Antibody blockade of IL-7R has proven effective at preventing and treating certain experimental autoimmune diseases [26], and graft-versus-host disease [27]. We found that short-course αIL-7R could, albeit variably, prolong the survival of fully mismatched skin grafts in hCD52-Tg mice following T cell depletion with campath, and induce transplantation tolerance in up to 50% of CBA mice carrying the CD52 transgene (Figure 2). This extended survival was associated with dominant tolerance because of the evidence of linked suppression toward third-party antigens presented together with the tolerated set [19]. This variation between strains might be explained by the strain-specific persistence of effector/memory T cells, which are more resistant to antibody lysis than naïve T cells [10]. The addition of Rapa, known to block proliferation of activated T cells [28], and to selectively enhance Treg expansion [12] provided a level of synergy in hCD52-Tg heterozygous mice (Figure 3A). The same combination could also delay rejection in lymphocyte-deficient mice injected with syngeneic T cells (Figure 3B), a system that provides a more stringent test of a tolerizing protocol [11] as transferred T cells rapidly repopulate by homeostatic expansion and a substantial proportion acquire a functional memory-like phenotype [8].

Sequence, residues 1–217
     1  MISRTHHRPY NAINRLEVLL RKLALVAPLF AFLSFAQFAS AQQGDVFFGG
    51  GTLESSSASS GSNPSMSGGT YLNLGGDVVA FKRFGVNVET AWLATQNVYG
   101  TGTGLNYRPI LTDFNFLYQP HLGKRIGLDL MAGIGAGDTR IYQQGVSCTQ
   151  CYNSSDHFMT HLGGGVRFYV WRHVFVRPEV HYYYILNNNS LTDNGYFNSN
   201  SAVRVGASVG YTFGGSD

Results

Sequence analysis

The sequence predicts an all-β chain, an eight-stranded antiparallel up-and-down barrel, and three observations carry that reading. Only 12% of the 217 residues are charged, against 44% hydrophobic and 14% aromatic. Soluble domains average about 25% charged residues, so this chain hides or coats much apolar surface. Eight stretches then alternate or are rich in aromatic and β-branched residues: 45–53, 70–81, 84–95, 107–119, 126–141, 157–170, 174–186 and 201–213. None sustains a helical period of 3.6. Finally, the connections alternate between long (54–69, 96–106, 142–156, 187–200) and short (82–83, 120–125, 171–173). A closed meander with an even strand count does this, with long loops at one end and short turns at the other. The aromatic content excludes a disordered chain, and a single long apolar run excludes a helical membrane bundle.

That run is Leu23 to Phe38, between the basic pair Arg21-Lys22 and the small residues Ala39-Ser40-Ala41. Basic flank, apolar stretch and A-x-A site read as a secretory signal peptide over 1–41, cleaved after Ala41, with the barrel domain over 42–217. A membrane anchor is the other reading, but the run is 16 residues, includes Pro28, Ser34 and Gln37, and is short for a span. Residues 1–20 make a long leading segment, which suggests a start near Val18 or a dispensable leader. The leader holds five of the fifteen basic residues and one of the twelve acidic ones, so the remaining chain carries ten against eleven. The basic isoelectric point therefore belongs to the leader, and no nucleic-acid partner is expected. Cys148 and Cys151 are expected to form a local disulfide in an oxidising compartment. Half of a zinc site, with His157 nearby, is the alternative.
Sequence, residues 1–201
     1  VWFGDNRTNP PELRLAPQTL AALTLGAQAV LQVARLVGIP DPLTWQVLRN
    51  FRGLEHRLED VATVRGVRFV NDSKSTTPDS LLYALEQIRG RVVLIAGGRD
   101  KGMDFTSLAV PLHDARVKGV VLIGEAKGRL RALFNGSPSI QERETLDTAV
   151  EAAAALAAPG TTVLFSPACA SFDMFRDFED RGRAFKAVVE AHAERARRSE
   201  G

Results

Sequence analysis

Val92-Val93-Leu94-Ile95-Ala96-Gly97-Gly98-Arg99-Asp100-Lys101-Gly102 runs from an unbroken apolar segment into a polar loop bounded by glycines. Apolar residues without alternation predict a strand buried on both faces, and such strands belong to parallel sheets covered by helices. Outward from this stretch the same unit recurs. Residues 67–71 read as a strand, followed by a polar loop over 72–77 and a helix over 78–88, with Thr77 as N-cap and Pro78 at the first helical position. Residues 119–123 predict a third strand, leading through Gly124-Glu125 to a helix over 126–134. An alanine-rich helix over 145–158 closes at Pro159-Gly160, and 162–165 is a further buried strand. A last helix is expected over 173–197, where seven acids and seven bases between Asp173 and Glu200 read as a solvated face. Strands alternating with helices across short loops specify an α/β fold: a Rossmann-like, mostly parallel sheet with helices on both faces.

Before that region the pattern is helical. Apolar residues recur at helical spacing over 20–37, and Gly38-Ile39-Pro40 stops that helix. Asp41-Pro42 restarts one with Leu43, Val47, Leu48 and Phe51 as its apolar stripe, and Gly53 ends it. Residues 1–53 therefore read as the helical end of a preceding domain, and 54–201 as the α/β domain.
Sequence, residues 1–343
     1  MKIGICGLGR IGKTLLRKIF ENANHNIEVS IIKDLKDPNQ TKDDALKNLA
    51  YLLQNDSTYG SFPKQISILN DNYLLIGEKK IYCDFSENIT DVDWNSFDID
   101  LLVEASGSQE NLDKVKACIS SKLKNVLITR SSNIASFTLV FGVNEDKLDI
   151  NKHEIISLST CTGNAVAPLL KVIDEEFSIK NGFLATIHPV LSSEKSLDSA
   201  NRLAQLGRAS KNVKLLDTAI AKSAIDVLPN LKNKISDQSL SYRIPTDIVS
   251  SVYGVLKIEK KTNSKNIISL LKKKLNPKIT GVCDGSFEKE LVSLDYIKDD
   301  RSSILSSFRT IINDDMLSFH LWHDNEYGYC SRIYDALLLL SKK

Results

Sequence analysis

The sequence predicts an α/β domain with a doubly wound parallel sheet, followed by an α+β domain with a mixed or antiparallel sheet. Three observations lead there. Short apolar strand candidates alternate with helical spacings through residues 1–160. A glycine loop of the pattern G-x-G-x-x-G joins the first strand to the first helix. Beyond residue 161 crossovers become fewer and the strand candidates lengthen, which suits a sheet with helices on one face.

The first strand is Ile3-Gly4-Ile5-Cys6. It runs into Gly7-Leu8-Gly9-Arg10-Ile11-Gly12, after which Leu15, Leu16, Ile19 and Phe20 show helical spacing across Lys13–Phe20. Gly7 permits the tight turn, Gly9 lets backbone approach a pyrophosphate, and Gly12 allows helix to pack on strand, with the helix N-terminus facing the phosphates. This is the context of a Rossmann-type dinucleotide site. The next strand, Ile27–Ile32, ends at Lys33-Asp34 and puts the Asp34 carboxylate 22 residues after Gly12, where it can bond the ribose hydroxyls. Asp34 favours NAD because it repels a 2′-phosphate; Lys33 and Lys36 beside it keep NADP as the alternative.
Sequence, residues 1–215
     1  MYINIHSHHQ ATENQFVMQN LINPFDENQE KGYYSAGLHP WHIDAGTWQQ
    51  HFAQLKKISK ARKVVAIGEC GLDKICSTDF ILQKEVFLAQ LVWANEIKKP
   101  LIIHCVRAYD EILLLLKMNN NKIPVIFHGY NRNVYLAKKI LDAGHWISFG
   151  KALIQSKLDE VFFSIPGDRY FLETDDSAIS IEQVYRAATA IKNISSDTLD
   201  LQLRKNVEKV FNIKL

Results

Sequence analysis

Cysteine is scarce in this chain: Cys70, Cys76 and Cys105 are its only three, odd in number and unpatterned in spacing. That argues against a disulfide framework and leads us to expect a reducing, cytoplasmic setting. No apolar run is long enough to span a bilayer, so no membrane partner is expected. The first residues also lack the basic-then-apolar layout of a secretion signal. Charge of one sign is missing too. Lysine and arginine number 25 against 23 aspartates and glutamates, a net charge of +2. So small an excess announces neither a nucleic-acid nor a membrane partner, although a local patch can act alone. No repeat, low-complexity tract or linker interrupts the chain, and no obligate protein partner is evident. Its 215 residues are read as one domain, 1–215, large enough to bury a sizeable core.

This protocol, despite enriching for Foxp3+ T cells early on, did not prevent eventual normalization of T cell counts and acquisition by some T cells of typical memory-like phenotypes [2, 9, 25] (Figure 4). Moreover, the addition of αIL-7R was capable of restraining the expansion of CD8+ T cells and promotion of CD8+ memory cells by Rapa when given alone.

Measures of proliferation in vivo with two different approaches (Figures 5 and 7) allowed us to confirm that treatment with αIL-7R and Rapa constrained CD8+ T cell proliferation. The effect on CD4+ T cells is more complex: αIL-7R and Rapa reduced the proportion of CD4+ cells entering division, but those cells that escaped this block proliferated more than reconstituting CD4+ cells in mice treated with campath alone. Consistent with our working hypothesis, we found that Tregs are included within this set of CD4+ cells whose proliferative capacity is unaffected by αIL-7R and Rapa.

A further and unexpected benefit of αIL-7R relates to its ability to inhibit generation of anti-donor antibodies (Figure S3); nonetheless, additional B cell ablation did not provide extended graft survival beyond T cell depletion alone (Figure S2).